Anger at ‘speed cushions’

“Speed cushions” on Flinders Way. Photo by Dylan Meikle

“Speed cushions” on Flinders Way. Photo by Dylan Meikle

THEIR purpose is to calm traffic, but the series of new “speed cushions” on 60kph Flinders Way near Manuka seem to do anything but calm drivers.

“CityNews” has received calls of outrage from south-side residents about the seven 20kph speed bumps, which were installed in May as part of the Residential Streets Improvements Program.

The program targets collector roads within the ACT and ranks them based on crash history, speed and volume, and land use information, according to Territory and Municipal Services.

“The installed speed cushions on Flinders Way and associated intersections were implemented to slow the speed of vehicles approaching with the aim of reducing crash incidents,” a TAMS spokesperson said.

“The project will be evaluated six months from the date of installation.”

When asked about the effect of drivers avoiding the speed humps by taking alternative routes, “rat running” through residential streets of Forrest, Red Hill and Griffith the spokesperson said: “The evaluation of the project will take into account speed and volume surveys on adjoining streets.

“Adjustments may be made pending the outcome of this evaluation.

“The evaluation will include comparison of speed and volume information pre and post-installation and examination of crash data.”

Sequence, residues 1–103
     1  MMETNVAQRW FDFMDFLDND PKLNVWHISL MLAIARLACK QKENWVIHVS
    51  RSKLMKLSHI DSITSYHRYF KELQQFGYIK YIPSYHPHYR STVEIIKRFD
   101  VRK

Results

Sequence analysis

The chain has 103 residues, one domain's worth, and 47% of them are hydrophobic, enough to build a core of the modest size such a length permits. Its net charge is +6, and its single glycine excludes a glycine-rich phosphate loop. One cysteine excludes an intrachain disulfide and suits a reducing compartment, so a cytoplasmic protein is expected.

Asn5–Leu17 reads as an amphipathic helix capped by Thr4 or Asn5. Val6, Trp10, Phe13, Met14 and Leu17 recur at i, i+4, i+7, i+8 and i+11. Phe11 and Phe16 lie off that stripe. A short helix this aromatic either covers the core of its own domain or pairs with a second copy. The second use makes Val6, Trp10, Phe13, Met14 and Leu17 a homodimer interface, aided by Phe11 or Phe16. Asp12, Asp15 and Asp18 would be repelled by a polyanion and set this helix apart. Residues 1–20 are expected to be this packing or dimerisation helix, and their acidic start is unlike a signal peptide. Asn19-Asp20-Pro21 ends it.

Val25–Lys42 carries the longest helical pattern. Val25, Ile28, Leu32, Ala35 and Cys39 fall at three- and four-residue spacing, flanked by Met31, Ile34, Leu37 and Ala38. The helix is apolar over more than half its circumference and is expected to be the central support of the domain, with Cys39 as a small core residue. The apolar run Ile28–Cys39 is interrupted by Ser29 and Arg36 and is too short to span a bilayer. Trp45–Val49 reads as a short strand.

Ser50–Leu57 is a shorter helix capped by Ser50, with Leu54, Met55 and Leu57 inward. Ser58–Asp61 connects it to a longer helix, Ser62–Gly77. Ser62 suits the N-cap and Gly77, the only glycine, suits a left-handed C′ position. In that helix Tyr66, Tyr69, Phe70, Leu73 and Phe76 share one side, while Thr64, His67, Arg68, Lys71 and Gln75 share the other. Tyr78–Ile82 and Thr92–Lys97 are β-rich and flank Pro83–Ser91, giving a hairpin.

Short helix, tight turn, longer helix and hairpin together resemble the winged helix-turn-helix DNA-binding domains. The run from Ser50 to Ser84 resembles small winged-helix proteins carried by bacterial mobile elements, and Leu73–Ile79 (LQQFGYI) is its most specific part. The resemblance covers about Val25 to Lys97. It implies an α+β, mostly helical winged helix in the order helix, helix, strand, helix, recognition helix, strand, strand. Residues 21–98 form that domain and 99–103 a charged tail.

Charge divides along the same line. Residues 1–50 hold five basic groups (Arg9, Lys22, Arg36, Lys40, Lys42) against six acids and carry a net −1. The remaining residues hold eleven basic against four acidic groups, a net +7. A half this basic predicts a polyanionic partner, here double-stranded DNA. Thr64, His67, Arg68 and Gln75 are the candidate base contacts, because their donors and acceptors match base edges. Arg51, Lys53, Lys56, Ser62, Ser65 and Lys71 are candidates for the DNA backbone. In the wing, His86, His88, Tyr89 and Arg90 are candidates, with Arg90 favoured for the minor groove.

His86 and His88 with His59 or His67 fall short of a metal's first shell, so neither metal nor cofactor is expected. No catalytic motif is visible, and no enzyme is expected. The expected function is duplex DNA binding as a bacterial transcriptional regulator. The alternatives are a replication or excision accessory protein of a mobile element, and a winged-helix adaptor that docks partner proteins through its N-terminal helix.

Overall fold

However, the consultation of directly affected residents was undertaken over a three-week period in November.

Residents and businesses on Flinders Way, Monaro Crescent, La Perouse Street and Murray Crescent were only contacted by a letterbox drop.

“Flinders Way is not an arterial road,” the spokesperson said. “It is a road where people live and the aim of this project is to address their concerns and improve their amenity…

“The signposted speed limit on roads such as Flinders Way is a guide and is a maximum limit. Road users need to adjust their speed to suit the conditions.

“The Flinders Way project is primarily aimed at managing crash incidence.”

The evaluation will be made by Roads ACT around October/November and will include a comparison of speed and volume information pre and post-installation and crash data.

Public comment will be invited over a minimum three-week period.

“Follow up speed and volume surveys will be undertaken over a minimum seven-day period at locations that were surveyed pre-installation,” the spokesperson said.

“This includes Flinders Way and side streets. Crash data for the period post installation will be compared against similar periods in previous years.”

The spokesperson said directly affected residences will be letterbox dropped and information will be also available on the ACT Government website and feedback can be submitted online or in writing.

Results of the evaluation will be available on the ACT Government website.

Speed cushions are also proposed for Spofforth Street in Holt.

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